The oil has permeated more than 70 (110km) miles of Louisiana’s coastline
Oil giant BP says it is unsure whether its latest attempt to plug a gushing oil well in the Gulf of Mexico has succeeded.
Chief operating officer Doug Suttles said the "top kill" operation had not yet stopped the flow and it was preparing its next plan.
Millions of gallons of oil have leaked since a rig exploded and sank last month, killing 11 employees.
US President Barack Obama has ordered a tripling of manpower in coastal areas.
The oil spill has been called the worst in US history.
The thick crude has already permeated more than 70 miles (110km) of Louisiana's coastline, threatening fragile wetlands and putting the vital fishing industry at risk.
The "top kill" operation involves pumping shredded golf balls and tyres, as well as thick mud, into the well in an attempt to plug it. It has been going on since Wednesday at a depth of 5,000ft (1.5km).
Mr Suttles said in Louisiana after monitoring the flow: "I don't think the amount of oil coming out has changed. Just by watching it, we don't believe it's changed."
BP had earlier said it would not know for sure if the "top kill" operation had worked until Sunday.
President Barack Obama: “It’s an assault on the shores and our people”
But on Saturday he said he did not know if the operation would succeed, and added that the next option was already being prepared.
This operation is called the lower-marine-riser-package cap.
It involves an underwater robot using a saw to hack off the leaking pipe and place a cap over it.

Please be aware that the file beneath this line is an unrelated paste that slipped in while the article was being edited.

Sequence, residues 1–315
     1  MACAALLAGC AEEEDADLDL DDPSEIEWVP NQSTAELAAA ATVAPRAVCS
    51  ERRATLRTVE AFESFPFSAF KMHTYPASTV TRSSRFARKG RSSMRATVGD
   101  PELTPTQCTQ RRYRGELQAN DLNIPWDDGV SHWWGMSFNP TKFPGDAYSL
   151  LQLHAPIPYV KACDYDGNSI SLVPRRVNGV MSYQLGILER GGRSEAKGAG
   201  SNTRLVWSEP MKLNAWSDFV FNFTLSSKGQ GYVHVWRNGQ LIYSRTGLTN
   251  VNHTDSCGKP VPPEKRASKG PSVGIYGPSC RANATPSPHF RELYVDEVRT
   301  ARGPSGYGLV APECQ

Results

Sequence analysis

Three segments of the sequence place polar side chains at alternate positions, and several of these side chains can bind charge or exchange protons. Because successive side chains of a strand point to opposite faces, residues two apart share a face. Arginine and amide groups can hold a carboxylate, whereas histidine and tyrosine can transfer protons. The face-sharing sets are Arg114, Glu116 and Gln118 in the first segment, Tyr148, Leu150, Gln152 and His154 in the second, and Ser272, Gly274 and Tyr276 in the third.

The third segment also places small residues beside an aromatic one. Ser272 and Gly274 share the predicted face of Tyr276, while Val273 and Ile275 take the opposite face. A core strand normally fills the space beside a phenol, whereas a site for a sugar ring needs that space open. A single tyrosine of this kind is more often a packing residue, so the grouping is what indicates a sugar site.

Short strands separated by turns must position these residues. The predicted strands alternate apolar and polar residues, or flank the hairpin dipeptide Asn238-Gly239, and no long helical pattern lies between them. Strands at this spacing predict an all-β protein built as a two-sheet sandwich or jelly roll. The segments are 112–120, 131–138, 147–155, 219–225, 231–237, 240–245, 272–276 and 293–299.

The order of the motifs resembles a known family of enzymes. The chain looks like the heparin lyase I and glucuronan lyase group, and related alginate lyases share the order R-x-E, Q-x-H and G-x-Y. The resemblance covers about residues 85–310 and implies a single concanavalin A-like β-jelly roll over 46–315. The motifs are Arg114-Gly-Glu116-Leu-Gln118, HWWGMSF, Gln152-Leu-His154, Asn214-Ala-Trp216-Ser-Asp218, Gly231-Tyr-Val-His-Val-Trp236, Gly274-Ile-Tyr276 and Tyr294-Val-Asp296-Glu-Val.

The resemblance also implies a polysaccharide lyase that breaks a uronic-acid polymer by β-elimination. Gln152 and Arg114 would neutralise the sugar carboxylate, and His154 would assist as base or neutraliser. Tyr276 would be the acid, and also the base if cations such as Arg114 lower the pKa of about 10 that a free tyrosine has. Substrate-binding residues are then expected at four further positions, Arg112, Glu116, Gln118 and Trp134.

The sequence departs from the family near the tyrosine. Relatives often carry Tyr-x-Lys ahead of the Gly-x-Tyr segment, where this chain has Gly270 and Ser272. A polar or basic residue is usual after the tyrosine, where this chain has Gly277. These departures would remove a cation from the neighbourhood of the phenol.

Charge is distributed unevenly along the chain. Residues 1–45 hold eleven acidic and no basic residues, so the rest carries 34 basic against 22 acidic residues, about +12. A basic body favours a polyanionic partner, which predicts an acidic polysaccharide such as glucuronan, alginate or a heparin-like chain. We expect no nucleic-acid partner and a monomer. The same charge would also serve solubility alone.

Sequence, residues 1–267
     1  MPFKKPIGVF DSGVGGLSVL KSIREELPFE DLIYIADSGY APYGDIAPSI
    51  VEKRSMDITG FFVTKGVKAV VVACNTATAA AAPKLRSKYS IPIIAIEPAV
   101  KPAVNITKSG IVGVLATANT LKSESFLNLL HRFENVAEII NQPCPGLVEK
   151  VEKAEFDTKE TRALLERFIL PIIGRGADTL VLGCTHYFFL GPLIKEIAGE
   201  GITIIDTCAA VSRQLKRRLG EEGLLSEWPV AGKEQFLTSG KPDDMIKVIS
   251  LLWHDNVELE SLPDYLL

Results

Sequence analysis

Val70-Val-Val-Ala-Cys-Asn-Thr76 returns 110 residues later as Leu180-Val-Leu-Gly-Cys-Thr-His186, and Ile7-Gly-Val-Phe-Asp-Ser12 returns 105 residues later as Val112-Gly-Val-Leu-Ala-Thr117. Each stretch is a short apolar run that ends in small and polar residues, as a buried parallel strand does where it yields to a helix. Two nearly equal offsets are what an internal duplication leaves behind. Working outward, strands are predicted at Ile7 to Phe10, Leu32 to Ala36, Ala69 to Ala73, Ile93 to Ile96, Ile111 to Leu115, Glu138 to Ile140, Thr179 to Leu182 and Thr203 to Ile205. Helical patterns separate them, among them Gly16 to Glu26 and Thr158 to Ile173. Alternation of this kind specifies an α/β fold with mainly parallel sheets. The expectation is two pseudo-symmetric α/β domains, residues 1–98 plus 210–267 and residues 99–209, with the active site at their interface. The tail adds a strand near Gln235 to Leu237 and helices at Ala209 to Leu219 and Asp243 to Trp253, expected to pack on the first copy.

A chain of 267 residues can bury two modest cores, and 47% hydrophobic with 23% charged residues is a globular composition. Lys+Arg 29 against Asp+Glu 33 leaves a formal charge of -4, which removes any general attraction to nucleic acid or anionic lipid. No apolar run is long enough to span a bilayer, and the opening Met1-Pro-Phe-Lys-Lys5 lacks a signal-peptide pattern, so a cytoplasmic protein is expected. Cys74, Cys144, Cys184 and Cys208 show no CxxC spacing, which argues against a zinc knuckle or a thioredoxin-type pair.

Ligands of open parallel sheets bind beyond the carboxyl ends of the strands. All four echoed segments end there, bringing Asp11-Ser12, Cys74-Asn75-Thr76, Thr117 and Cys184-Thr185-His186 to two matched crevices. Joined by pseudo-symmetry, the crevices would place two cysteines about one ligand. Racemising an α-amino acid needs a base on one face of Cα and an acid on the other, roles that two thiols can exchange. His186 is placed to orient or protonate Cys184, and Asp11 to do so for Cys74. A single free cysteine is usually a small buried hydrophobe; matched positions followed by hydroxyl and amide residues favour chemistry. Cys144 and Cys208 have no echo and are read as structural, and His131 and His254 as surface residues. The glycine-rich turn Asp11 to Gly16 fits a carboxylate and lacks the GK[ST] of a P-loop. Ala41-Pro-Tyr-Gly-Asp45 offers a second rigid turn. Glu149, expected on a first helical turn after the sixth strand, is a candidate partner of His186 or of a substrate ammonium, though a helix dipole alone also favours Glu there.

Mr Suttles said: "If we have to go to it, we can do it as quickly as possible."
Two experts who spoke to Associated Press news agency, Prof Bob Bea, of the University of California at Berkeley, and Eric Smith of the Tulane Energy Institute, both said the results of the "top kill" did not look promising.
The BBC's Andy Gallacher, at Grand Isle beach in Louisiana, says people are growing increasingly impatient and increasingly angry.
He says that for miles in either direction there are small, sticky tar balls and as the waves break against the sand, there is a definite rainbow sheen.
Some fishermen have nailed up signs, our correspondent says, with one reading "BP, you ruined our futures and our heritage".
On Friday, President Obama toured oil-hit areas, saying the US would "do whatever it takes" to help those affected.
He said the additional manpower would lay more booms, clean beaches and monitor stricken wildlife.
A total of 20,000 people have already been deployed to contain and clean up the spill.
Mr Obama said he would take responsibility for "solving this crisis", though he said BP would be held financially accountable for the "enormous damage".
"I'm the president and the buck stops with me," he said.
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